Are 'pet-friendly' hotels really worth the extra money?
The pitter-patter of paws can be heard in close to half of all Canadian households, so it’s no wonder that the hospitality industry is anxious to capture this demographic with enhanced 'pet-friendly' features.
A decade ago hotels either “accepted” dogs or they didn't, Len Kain, the editor of Dogfriendly.com, a travel site for dog owners, told the New York Times. “You could not really say they welcomed them, that is, encouraged you to bring them.”
But they sure do now.
Some hotels welcome pets in all rooms; others have a limited number. But their doors are always open to pet owners and their friends.
"It makes good business sense for hotels to recognize that pets are part of the family," says Susan Sims, publisher of Fido Friendly magazine. "People who bring their pets tend to stay longer and spend more."
One reason guests spend more is that, unlike children, pets usually don't stay free. Many hotels charge about $25 a night, others far more, Sims says. You might also have to put down a refundable $100 deposit and accept financial liability for any damage your pet causes.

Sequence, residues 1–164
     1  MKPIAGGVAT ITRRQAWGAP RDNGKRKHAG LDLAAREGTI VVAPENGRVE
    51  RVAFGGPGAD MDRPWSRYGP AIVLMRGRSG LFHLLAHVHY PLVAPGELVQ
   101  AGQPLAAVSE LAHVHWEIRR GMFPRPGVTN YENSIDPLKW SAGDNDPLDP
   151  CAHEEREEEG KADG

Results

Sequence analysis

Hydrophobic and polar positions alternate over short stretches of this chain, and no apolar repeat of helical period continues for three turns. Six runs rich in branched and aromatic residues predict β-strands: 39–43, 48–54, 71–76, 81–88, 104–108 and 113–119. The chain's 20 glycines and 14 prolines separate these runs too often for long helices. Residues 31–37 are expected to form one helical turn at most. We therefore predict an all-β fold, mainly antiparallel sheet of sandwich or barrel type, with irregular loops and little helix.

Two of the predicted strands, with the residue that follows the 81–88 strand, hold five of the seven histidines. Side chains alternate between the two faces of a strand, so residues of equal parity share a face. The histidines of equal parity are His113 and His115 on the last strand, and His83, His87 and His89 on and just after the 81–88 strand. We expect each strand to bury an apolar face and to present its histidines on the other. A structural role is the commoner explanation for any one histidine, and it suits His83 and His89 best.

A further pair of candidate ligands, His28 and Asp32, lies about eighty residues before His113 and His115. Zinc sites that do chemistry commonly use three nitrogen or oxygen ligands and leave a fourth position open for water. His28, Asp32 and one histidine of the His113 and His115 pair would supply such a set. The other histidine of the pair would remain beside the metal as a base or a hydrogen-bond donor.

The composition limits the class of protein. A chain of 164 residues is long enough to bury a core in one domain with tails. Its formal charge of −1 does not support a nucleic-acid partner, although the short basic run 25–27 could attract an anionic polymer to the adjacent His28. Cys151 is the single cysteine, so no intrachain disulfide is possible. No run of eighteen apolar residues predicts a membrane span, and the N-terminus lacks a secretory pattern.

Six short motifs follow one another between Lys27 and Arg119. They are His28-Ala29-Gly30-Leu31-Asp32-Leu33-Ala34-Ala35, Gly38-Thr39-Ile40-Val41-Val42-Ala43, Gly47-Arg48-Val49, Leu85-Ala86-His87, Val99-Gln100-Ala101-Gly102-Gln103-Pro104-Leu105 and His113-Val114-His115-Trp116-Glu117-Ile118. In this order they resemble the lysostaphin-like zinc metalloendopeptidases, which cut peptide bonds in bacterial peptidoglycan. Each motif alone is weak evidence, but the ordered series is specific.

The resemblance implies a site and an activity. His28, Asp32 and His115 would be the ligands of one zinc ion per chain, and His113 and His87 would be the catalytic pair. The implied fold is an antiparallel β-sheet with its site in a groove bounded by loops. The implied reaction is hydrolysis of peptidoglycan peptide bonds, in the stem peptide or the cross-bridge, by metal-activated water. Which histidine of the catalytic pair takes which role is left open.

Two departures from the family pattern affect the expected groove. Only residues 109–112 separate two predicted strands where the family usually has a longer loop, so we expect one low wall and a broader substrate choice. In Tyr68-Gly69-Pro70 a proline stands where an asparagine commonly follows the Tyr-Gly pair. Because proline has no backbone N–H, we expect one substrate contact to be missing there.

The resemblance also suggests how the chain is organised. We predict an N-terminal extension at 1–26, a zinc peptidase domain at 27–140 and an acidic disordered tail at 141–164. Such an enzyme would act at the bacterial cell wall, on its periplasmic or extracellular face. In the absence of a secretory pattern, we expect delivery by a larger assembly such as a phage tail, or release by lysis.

Pet policies vary widely among pet-friendly accommodations. Some hotels are only dog friendly; others have a 2 pet maximum.
While most pet-friendly hotels are lower- and midpriced brands like Best Western and Motel 6, higher-end establishments are moving in this direction as well.
In addition to what's now considered standard fare at dog-friendly hotels — dog beds, bowls, treats and waste bags — certain properties are offering dogs the chance to have the same five-star experiences as their owners.
Travelling with a four-legged family member and looking for guidance? There's no shortage of options. Your best bet is to check sites like Petswelcome.com, BringFido.com and Tripswithpets.com to get a better sense of just what each venue actually offers.
Are pet-friendly hotels all they're cracked up to be? Or are you the 'who let the dogs in?' guest who avoids them at all costs?
By Gordon Powers, MSN Money